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Sara Miller McCune Director, Center For Advanced Study in Behavioral Sciences, professor, Stanford University; Jere L. Bacharach Professor Emerita of International Studies, University of Washington
Homo Economicus

Homo economicus is an old idea and a wrong idea, deserving a burial of pomp and circumstance but a burial nonetheless. People can be individualistic and selfish, yes, and under some circumstances narrowly focused on economic wellbeing. But, even those most closely associated with the concept never fully believed it. Hobbes argued that people prefer to act according to the golden rule but that their circumstances often made it difficult. Without rule of law and in a world of theft and predation, people act with defensive selfishness. Adam Smith, whose invisible hand required individual pursuit of narrow interest, recognized that individuals have emotions, sentiments, and morals that influence their thinking. Even Milton Friedman was not sure if narrowly selfish individualism was a correct assumption about human behavior; he didn't care if the supposition was right or wrong but only cared if it was useful. It no longer is.

The theories and models derived from the assumption of homo economicus generally depend on a second, equally problematic assumption: full rationality. Related but distinct sets of scientific findings make suspect each piece of the pairing of narrowly selfish motivation with rational action. Philosophers, such as Nietzsche, and psychoanalytic theorists, such as Sigmund Freud, argued that people acted in a whole variety of ways that were explicable perhaps but were closer to animal instincts than calculative instrumentality. Herbert Simon and certainly Daniel Kahneman and Amos Tversky revealed the extent to which cognitive limitations undermine rational calculations.

Even if individuals can do no better than "satisfice," that wonderful Simon term, they might still be narrowly self-interested, albeit—because of cognitive limitations—ineffective in achieving their ends. This perspective, which is at the heart of homo economicus, must also be laid to rest. Darwin and those influenced by him long recognized that our species, like others, is altruistic at least in the narrow sense of acting to preserve one's gene pool by protecting one's young. Most people do much more than that. The overwhelming finding of experimental research confounds the presumption that, given the opportunity, individuals usually free ride. Indeed, most act according to norms of fairness and reciprocity. Many will make small sacrifices or forego larger returns, and some will even engage in costly action (up to a point) to "do the right thing." Anthropologists and biologists have long provided evidence of the human animal as a social animal. The understanding that individuals are in social networks and communities opens the door to more complex models of reciprocity and ethical obligation. Consequently, social scientists can now account for aggregate outcomes they otherwise could not: large-scale volunteering for the military in times of war, protest behavior, and contributions to public good provision.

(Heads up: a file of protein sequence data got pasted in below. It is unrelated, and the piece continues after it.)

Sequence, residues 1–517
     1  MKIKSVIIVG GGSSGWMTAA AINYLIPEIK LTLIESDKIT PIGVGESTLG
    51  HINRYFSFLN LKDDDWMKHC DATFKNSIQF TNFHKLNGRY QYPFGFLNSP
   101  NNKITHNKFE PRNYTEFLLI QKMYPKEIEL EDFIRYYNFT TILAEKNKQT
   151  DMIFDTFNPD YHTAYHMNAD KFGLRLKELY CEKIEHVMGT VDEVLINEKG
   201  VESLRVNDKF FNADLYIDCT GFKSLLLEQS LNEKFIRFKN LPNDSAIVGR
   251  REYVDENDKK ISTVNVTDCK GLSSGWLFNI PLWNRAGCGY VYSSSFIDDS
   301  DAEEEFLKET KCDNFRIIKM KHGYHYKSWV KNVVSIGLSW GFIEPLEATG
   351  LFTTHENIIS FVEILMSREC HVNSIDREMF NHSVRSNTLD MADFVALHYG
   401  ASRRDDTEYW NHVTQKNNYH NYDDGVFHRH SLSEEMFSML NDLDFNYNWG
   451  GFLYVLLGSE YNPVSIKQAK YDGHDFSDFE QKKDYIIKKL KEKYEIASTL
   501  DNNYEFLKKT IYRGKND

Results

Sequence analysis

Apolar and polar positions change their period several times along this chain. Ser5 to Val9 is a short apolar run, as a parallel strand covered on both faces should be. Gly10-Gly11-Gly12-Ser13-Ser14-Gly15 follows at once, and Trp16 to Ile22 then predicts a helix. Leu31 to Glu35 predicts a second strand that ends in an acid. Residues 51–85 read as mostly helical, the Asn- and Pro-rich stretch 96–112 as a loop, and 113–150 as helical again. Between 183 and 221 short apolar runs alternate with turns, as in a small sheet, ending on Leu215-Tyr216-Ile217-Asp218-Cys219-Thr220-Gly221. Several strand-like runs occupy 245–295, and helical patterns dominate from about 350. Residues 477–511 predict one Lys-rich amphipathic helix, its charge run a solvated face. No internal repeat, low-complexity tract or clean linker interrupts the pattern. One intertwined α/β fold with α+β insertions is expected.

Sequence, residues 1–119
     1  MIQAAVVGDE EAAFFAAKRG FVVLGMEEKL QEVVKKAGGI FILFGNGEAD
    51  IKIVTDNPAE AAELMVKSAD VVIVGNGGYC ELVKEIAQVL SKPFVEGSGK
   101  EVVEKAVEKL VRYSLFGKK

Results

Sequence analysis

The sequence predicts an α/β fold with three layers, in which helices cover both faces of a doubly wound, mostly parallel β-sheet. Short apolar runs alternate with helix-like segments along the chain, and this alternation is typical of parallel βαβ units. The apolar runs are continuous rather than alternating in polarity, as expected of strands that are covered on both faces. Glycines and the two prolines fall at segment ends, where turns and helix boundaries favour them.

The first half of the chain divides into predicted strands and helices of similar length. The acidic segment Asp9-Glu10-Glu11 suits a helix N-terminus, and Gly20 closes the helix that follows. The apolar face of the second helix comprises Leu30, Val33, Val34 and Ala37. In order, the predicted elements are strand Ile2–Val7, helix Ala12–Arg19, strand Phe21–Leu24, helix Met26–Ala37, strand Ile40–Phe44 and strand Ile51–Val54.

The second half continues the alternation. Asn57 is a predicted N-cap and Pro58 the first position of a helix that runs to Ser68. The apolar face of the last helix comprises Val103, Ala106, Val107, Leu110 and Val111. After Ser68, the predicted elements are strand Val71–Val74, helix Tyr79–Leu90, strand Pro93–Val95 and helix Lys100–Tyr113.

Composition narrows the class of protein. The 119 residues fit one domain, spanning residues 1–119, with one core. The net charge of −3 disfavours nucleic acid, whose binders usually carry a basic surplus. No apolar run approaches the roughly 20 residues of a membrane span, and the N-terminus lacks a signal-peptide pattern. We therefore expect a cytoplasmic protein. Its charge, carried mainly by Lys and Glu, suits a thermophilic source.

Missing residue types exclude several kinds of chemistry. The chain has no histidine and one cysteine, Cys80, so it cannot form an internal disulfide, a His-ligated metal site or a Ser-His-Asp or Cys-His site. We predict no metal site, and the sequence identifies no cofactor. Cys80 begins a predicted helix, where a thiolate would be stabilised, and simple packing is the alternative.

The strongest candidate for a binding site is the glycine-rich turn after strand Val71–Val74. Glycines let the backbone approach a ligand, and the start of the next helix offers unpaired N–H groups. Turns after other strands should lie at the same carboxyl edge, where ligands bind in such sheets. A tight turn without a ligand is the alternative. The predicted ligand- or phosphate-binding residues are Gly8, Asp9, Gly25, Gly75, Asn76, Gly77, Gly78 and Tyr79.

The rejection of homo economicus does not mean a total absence of conditions under which narrow self-interest dominates. Experiments suggest very different socializations can produce quite distinct reasoning: economic graduate students are far more likely to free ride than other students. At least two sets of circumstances can induce individualistic selfishness and significantly narrow a person's community of fate, that is, those with whom one feels interdependent and to whom one feels an obligation to help. The first is extreme poverty and the second extreme competition. Those suffering hunger and deprivation tend to focus on meeting their needs. As the growing number of dystopian novels suggest, the result may be theft and murder in the interest of obtaining food, shelter, and security. The classic experiments with rats come to the same conclusions.

Extreme competition, at the least, narrows focus to the goal at hand. In some forms, however, striving to be king of the hill and sometimes literally to be king does provoke something akin to a Hobbesian world. Shakespeare, as he often does, captures the power of circumstance and ambition; his version of the War of the Roses is a testament to narrow self-interested instrumentality dressed in the rhetoric of serving the country. Or witness the recent revelations about business ethics (or, rather, lack of ethics).

That people are often—perhaps more often than not—motivated to act beyond narrow self-interest is fully compatible with the importance of material incentives in motivating behavior. We are all susceptible to rewards, and we all fear punishment. Ceteris paribus, we prefer the first and wish to avoid the second. However, ethics, morality, and the obligations of reciprocity can affect our decisions even when there is considerable money at stake or serious threats to wellbeing. Few are willing to sacrifice everything for a cause or principle, but most of us are willing to sacrifice something.

The reliance on homo economicus as the basis of human motivation has given rise to a grand body of theory and research over the past two hundred years. As an underlying assumption, it has generated some of the best work in economics. As a foil, it has generated findings about cognitive limitations, the role of social interactions, and ethically based motivations. The power of the concept of homo economicus was once great, but its power has now waned, to be succeeded by new and better paradigms and approaches grounded in more realistic and scientific understandings of the sources of human action.